CLINTON — The 22nd annual Bald Eagle Watch is Saturday at Clinton Community College in Clinton and Lock and Dam 13 in Fulton, Ill.

The eagle watch is presented by the U.S. Army Corps of Engineers, Clinton Community College and the U.S. Fish and Wildlife Service in Thomson, Ill.

The free program is dedicated to the understanding, appreciation and protection of the United States’ national symbol. Naturalists and volunteers will be on hand to share their enthusiasm and knowledge of eagles and other birds of prey.

Educational exhibits will be on display from 9 a.m. to 2:30 p.m. in the auditorium at Clinton Community College, 1000 Lincoln Blvd. in Clinton.

Booths will feature information from local conservation groups as well as paintings and photographs from area artists. Attendees can enjoy refreshments and sign up for door prizes while children can participate in fun and educational activities in the activity room.

Visitors can view informational videos and take part in discussions about wildlife throughout the day at CCC.

At 9:30 a.m., Thomson Park Ranger Jim Kelly will present a video, “On the Wings of the Wind.” At 10 a.m., Chuck Jacobsen with the Clinton County Conservation Board will discuss reptiles and amphibians.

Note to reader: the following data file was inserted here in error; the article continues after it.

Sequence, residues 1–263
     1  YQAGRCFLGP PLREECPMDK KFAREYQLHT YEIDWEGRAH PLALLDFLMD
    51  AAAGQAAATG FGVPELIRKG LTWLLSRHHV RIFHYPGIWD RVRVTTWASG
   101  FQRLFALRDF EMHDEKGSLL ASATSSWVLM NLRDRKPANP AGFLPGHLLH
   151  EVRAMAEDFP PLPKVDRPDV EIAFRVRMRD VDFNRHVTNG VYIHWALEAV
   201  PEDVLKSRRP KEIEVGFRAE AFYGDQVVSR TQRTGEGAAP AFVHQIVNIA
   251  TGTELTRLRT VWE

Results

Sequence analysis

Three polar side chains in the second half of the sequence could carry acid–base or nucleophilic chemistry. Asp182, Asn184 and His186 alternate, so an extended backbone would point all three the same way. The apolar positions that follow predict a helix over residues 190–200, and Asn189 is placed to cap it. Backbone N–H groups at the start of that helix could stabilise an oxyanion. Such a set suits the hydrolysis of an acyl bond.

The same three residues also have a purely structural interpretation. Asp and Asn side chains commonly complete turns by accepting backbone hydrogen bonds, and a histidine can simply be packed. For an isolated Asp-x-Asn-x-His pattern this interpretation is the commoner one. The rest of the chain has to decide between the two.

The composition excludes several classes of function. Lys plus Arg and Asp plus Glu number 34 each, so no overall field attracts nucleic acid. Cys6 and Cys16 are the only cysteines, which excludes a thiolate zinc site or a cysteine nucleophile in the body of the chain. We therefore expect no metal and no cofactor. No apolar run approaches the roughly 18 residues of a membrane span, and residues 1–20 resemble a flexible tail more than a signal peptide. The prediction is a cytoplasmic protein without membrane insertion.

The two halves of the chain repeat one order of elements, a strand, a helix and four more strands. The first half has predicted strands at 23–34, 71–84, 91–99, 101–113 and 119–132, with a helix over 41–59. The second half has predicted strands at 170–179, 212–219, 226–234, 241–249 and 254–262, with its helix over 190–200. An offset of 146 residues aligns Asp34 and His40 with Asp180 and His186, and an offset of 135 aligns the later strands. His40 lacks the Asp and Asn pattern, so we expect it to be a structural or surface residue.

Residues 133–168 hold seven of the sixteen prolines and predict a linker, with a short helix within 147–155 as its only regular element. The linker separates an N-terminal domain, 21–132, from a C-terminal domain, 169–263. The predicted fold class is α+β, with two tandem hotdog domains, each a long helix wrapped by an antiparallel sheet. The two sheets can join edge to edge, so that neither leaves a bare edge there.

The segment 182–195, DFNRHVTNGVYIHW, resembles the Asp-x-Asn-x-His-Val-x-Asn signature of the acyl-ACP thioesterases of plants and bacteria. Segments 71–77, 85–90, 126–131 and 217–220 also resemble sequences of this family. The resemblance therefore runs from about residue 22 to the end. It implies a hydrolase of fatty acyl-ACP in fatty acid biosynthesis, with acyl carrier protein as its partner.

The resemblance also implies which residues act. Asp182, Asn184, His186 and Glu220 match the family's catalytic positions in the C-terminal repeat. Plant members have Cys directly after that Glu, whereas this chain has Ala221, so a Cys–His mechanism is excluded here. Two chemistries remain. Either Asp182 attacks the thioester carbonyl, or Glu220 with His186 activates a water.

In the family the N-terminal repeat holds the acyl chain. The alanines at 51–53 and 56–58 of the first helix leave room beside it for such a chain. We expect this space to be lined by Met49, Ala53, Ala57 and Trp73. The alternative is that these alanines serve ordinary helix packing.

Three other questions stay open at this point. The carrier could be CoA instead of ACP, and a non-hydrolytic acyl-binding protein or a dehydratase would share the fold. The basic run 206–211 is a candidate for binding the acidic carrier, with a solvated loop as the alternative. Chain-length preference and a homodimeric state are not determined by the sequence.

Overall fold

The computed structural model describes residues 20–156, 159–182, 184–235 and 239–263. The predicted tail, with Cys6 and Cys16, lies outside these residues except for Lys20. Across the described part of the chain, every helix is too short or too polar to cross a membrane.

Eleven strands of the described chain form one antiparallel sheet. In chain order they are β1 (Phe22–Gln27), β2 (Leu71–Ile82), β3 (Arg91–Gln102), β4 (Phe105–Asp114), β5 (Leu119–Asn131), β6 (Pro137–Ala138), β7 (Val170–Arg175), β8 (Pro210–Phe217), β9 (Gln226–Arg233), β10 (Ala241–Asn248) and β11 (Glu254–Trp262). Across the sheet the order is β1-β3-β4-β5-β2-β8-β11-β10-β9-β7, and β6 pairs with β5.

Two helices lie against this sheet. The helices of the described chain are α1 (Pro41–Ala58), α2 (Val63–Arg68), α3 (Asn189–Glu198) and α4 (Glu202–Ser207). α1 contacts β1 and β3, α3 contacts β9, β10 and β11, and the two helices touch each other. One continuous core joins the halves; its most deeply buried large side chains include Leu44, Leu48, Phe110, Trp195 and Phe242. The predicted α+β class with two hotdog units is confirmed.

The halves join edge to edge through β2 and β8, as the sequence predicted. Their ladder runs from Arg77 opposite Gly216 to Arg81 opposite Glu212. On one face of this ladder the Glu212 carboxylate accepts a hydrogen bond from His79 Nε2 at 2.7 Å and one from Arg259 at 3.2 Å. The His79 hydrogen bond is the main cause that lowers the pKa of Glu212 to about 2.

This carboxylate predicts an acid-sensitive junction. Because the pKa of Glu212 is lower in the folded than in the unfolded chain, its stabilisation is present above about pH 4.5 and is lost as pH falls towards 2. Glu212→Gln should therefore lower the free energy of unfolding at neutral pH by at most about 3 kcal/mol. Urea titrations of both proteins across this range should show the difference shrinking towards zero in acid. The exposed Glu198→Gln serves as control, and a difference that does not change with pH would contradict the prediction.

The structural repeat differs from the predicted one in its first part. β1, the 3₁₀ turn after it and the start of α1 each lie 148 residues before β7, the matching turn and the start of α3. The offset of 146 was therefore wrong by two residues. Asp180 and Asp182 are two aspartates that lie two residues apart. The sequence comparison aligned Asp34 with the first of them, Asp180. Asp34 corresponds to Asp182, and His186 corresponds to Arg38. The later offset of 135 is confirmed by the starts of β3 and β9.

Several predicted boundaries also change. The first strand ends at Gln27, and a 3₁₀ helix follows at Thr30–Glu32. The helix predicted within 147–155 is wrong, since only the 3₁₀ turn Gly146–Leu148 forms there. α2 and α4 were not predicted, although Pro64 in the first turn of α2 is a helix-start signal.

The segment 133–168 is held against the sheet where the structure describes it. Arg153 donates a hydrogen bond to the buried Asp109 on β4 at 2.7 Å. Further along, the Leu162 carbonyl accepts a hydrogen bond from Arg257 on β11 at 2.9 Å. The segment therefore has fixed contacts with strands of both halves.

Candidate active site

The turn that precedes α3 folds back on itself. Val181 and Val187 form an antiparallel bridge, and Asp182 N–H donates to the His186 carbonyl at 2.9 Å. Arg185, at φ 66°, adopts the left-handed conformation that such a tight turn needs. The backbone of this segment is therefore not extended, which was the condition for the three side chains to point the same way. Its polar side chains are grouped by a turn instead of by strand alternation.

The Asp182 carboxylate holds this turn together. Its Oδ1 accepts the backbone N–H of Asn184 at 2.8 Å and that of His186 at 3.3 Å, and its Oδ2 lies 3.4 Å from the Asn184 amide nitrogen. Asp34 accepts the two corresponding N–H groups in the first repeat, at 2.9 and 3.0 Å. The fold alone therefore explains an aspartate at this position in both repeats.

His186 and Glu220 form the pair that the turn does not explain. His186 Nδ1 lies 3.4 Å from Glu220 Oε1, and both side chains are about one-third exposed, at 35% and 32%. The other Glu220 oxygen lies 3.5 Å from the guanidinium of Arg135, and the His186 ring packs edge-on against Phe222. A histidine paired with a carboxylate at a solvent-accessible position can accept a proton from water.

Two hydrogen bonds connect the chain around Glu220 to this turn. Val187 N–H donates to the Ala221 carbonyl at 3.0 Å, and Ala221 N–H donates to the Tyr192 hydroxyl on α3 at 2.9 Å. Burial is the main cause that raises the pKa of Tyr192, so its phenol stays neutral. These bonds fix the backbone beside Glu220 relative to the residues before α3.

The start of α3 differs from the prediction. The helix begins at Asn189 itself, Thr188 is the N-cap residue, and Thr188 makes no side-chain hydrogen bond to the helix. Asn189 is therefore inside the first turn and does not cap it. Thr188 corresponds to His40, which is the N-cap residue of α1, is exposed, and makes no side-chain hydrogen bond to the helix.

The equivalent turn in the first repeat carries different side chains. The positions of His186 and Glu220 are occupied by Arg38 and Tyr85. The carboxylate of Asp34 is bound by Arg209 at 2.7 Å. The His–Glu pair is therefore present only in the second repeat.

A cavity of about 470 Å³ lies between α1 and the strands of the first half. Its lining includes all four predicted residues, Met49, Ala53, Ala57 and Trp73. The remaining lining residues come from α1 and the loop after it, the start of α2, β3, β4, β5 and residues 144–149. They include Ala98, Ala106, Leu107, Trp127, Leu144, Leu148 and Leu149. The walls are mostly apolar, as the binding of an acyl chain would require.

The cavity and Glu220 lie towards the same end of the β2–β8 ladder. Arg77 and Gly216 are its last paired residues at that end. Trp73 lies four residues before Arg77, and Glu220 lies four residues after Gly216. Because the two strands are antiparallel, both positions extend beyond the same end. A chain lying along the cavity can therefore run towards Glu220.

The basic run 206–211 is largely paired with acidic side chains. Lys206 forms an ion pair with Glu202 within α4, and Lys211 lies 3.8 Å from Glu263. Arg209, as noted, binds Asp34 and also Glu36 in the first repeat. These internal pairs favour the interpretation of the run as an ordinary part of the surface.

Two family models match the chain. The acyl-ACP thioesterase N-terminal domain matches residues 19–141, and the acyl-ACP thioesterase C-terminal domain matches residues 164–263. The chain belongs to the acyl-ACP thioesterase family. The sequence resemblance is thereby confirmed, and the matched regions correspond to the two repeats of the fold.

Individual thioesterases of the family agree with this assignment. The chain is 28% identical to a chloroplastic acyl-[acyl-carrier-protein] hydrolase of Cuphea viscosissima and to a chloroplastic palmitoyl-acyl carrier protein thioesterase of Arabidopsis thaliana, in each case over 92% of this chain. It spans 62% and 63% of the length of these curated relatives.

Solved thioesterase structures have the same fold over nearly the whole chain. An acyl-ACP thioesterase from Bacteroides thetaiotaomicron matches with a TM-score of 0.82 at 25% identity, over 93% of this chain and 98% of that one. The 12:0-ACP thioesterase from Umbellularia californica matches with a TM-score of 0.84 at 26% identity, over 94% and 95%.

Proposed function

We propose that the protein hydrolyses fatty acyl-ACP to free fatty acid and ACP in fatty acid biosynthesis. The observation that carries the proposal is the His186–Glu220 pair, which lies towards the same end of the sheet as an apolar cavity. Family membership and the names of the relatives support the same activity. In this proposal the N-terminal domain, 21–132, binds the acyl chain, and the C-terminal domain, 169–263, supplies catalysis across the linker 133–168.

Rockford (Ill.) Park District Naturalist Paul Woodin will host a discussion on birds of prey at 11 a.m. followed by Fish and Wildlife Refuge Ranger Pam Steinhaus presenting a video titled “Refuge for Us All.”

The program will be concluded by a presentation on the call of the wild by representatives of Hoo Haven, a wildlife rehabilitation and education center in Durand, Ill.

Visitors at Lock and Dam 13, located five miles north of Fulton off Illinois 84, will be able to view eagles in their natural environment from 8 a.m. to 4 p.m.

Each year, hundreds of American Bald Eagles visit the area because dams along the Mississippi River create open water in the usually icy river, allowing eagles to feed on fish.

Steinhaus, refuge ranger with the Fish and Wildlife Service, said the recent warmer weather may affect the numbers of eagles in the area because the river is not frozen. Steinhaus said eagles should still be plentiful for viewing.

Volunteers will have spotting scopes available to aid in viewing the eagles and can help answer any questions guests may have. Participants are encouraged to bring binoculars, spotting scopes or cameras and to wear warm clothing to the viewing sites. Visitors are asked to keep their distance while viewing because when eagles become scared to the point of flying off, they burn up badly needed energy and may become too weak to search for food.

Due to limited parking and additional security on the day of the event, participants are encouraged to take advantage of the free courtesy bus service, sponsored by local businesses and provided by the Municipal Transportation Administration of the city of Clinton.

The bus will travel between the viewing site at Lock and Dam 13 and Clinton Community College, departing and arriving every half hour beginning at 9 a.m. A bus schedule is available at the college.